Orange loses orange square mark


By judgment of December 2 2013, the Spanish Supreme Court has confirmed the cancellation of International Registration No 908.137, owned by Orange Personal Communications Services Limited for goods and services in Classes 9, 38 and 42 of the Nice Classification. The mark consisted of an orange square (Pantone 151), as reproduced below: 

The background of the case is as follows.

On June 21 2006 Orange applied to the World Intellectual Property Organisation for the registration of an international figurative mark (No 908.137) designating Spain, as well as other countries. The application claimed priority from a French trademark (No 05 3 399 099) consisting of an identical sign, owned by Orange.

Jazz Telecom filed an opposition against the registration of the mark in Spain based on Article 5(1)(b) of the Spanish Trademark Law (lack of distinctiveness).

Although the application was initially refused, the Spanish Patent and Trademark Office proceeded to register the mark following an administrative appeal, considering that the sign at issue was capable of distinguishing the goods and services of Orange from those of others. Therefore, the mark did not fall under the provision relied on by Jazz Telecom.  

In upholding Orange’s appeal, the Patent and Trademark Office noted that, since the shapes or figures are not limited, a colour within a square may be appropriate to distinguish the products and services of one company from those of others. It emphasised that the exclusive right is granted for the mark as a whole - as it was applied for and published - and not for each of the individual elements that make up the mark.

Jazz Telecom appealed to the High Court of Justice of Madrid. By judgment of June 14 2012, the court found that the mark at issue lacked distinctiveness and ordered its cancellation.

Orange appealed ​​to the Supreme Court.

On December 2 2013 the Supreme Court dismissed Orange’s appeal. In accordance with the findings of the High Court of Justice, the Supreme Court held as follows:

  1. Where a sign consists of a shape associated with a colour - in which the shape is banal, trivial or an elementary geometrical figure, so that, in the sign as a whole, it is the visual impression of the colour that is dominant, rather than the geometrical contour - the lack of distinctiveness of the colour per se (which, in principle, cannot be monopolised by a trader to distinguish its products and services) extends to signs that are submitted to be registered in this way.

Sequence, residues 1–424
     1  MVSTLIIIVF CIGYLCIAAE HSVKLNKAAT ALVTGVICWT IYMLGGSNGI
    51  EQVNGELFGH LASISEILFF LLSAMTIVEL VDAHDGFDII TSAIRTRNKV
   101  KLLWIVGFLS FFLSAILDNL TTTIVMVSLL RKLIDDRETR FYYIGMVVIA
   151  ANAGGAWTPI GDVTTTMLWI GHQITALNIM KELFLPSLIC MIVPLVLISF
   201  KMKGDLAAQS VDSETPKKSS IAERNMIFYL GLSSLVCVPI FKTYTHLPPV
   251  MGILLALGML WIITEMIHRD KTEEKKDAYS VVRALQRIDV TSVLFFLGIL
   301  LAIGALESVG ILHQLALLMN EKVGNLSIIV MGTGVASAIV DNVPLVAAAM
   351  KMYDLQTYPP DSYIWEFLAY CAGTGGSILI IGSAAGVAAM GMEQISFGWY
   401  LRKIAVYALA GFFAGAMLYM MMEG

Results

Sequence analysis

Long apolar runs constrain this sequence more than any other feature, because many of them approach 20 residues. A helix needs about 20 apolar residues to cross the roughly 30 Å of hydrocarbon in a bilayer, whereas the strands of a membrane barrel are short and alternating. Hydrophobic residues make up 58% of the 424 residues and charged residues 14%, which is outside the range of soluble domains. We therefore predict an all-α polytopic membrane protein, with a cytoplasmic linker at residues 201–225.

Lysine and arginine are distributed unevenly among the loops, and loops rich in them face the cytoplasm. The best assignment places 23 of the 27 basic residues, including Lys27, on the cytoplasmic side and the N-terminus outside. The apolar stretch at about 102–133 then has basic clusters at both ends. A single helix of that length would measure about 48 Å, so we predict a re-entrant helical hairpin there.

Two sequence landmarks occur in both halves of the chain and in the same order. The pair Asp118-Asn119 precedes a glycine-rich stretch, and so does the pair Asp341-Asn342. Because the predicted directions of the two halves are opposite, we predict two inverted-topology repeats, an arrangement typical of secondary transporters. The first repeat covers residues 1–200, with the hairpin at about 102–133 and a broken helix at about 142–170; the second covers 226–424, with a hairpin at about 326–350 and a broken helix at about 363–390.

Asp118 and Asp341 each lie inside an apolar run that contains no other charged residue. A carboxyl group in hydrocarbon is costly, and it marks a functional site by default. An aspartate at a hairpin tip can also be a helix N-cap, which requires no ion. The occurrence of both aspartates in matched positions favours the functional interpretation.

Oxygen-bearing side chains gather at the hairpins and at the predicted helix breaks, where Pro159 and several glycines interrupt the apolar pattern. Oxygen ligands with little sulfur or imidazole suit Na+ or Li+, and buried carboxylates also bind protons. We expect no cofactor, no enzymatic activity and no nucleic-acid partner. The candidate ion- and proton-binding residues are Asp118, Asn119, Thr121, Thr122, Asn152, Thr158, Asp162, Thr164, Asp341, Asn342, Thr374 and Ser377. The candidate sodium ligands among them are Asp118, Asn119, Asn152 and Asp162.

2. The orange colour that the applicant sought to register for its products was a common colour on the market. This colour should be available to use by all traders.
  3. Although it is possible to register a colour as a trademark in exceptional cases (ie, distinctiveness acquired through use in the country where protection is sought), the market research undertaken by Orange ​​in 2008 was not conclusive in showing that its mark had acquired distinctiveness through use in Spain prior to the date of application.  
  4. The fact that an identical orange square had been registered by Orange in other countries did not necessarily mean that it should also be registered in Spain; it was possible that the decisions of the relevant authorities of those countries were based on the distinctiveness that the mark had acquired as a result of its use in each respective country.

Based on these considerations, the Supreme Court concluded that:

  • the mark at issue lacked inherent distinctiveness; and
  • it had not been proven that it had acquired distinctiveness through use in Spain before the date of application.

As a result, the Supreme Court dismissed Orange’s appeal and confirmed the judgment of the High Court of Justice of Madrid.

Antonia Torrente, Grau & Angulo, Barcelona

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